The amount of digitally available data has grown dramatically in recent years amounting, for example, in 2020 to a global Internet traffic of more than 3 zettabytes. These data present new opportunities as they can provide different answers and insights to urgent questions and lead to entirely new questions and hypotheses.
Data Science has become key to our data-driven world with a vast economic, societal, and scientific impact. Up until now, however, Data Science research has mainly focused on advancing methods with the goal to automate processes and to learn from the available data. Therefore, Data Science has often been seen as an unpredictable black box delivering unforeseeable results.
As a consequence, we need to expand the current almost exclusive emphasis on computational aspects by re-thinking and re-creating Data Science with, by and for humans and society. Centre for Human Data Society (CHDS) at the University of Konstanz will establish and extend new ways how humans and society and data science (processes/workflows) interact with each other and shall act with each other.
What We Aim to Find Out
The Human-Society-Data Science-Interdependency research in Konstanz seeks to understand the Human-Society-Data Science-Interactions, especially by identifying and distinguishing sequential and non-sequential, reactive processes, workflows, interactions, and consequences. The CHDS Initiative will focus on three main research areas – autonomy, agency, accountability - which we identified from a multidisciplinary perspective as the core to human-centered data science. This does not yet include that the areas are to be defined in the same way and have the same meaning in all disciplines. Hereto a scratch of definitions within all disciplines is needed.
Research Area 1 - Autonomy
As any action associated with Data Science is based on, initiated from or processed with data, data-related actions require some degree of data and processing autonomy. This raises the question to what degree humans and machines have data and processing autonomy and what is the significance of (not) having it. Neither individuals nor machines operate as wholly autonomous data processing or owning agents. Rather, humans and machines are causally efficacious and the relative magnitude of the contribution to the (co)determination varies depending on the level of agentic resources, spheres of activities, and contextual conditions, as well as other humans and machines involved.
Research Area 2 - Agency
To be an agent is to influence the course of data-related actions and functioning. Therefore, individual's and machines’ capabilities to exercise control over data-related actions (efficacy) is key. This entails not only the physical possibility of influencing these activities, but also the information and understanding of Data Science and its interaction with the individual and the society necessary to make decisions. As a capacity to act and give meaning to the action, agency cannot be localized in institutions, symbolic systems or in human beings but in entangled or hybrid collectives.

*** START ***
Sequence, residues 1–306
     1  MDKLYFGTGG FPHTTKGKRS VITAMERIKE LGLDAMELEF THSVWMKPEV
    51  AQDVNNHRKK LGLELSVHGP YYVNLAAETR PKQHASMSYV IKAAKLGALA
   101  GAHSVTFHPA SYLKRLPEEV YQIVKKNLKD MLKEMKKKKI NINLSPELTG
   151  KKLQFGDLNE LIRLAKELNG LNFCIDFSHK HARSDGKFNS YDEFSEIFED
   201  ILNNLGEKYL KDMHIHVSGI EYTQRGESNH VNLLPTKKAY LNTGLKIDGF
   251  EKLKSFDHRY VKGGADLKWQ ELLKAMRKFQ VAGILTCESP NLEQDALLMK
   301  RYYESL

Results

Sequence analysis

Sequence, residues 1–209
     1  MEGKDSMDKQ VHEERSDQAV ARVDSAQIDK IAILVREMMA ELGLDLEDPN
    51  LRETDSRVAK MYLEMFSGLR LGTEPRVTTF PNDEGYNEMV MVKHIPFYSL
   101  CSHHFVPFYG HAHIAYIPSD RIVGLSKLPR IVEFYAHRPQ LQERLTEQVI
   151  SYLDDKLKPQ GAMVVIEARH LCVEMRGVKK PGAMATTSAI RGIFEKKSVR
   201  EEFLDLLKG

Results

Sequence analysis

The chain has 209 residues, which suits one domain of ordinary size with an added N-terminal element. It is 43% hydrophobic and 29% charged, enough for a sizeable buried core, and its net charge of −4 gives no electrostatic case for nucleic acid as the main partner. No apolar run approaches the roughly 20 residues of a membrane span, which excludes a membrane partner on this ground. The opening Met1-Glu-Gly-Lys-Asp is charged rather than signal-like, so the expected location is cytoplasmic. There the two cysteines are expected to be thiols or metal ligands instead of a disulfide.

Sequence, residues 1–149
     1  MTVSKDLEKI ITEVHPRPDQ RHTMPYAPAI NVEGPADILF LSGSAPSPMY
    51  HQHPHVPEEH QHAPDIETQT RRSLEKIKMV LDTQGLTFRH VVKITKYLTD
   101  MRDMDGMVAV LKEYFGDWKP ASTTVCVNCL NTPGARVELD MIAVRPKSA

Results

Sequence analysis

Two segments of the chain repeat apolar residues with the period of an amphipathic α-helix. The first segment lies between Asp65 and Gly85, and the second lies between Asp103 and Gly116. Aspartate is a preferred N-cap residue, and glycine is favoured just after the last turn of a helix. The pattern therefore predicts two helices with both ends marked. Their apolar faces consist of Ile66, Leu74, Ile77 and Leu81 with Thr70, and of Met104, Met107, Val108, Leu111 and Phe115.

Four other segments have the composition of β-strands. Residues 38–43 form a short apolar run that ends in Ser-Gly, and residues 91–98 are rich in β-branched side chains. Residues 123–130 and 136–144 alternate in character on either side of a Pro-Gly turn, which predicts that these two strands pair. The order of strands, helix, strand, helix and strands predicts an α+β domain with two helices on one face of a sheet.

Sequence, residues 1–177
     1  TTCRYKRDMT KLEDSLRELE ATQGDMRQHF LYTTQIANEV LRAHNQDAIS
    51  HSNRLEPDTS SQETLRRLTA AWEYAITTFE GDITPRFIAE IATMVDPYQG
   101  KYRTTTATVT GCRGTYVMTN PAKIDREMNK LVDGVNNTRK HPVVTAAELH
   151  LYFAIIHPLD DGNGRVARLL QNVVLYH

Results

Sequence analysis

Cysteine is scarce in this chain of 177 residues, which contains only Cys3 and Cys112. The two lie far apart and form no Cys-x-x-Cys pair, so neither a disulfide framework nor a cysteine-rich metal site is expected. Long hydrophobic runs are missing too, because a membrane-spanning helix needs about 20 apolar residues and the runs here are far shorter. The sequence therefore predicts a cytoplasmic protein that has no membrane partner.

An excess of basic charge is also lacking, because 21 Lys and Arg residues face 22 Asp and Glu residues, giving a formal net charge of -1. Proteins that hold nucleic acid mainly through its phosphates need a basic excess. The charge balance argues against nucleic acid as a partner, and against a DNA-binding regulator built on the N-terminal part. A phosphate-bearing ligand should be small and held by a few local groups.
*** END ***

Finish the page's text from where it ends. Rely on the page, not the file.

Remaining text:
While the idea of complete agency is an unachievable ideal, since there are always constraints upon action, the ambition of the initiative is to make these constraints transparent and to put the human in a position of circumspect decision-making. Since ideas of agency are always dependent upon culturally shaped notions of the person, an important aspect is the question how categories such as agency (as well as autonomy and accountability) are socially contributed by individuals or attributed to machines in different ways.
Research Area 3 - Accountability
Humans set themselves goals and anticipate likely outcomes of prospective actions to guide and motivate their efforts (cf., human agency, Bandura, 1997, 2006). Hence, contingencies between data and processing actions and possible outcomes/goals as well as the expectation that actions will result in particular outcomes are also an essential aspect of being an agent accountable for the action. Furthermore, outcomes resulting from human or machine data and processing actions includes being accountable and responsible for results caused by the actions performed. While accountability is complete if these contingencies are necessary and sufficient, accountability is often partial as the contingencies are necessary but often not sufficient due to the increasing number of overlapping data-driven processes and workflows together with the development of artificial intelligent systems including numerous human-human, human-machine, and machine-machine interactions. As a consequence, the responsible human (or machine) for a data-driven workflow result may not to be ascertained.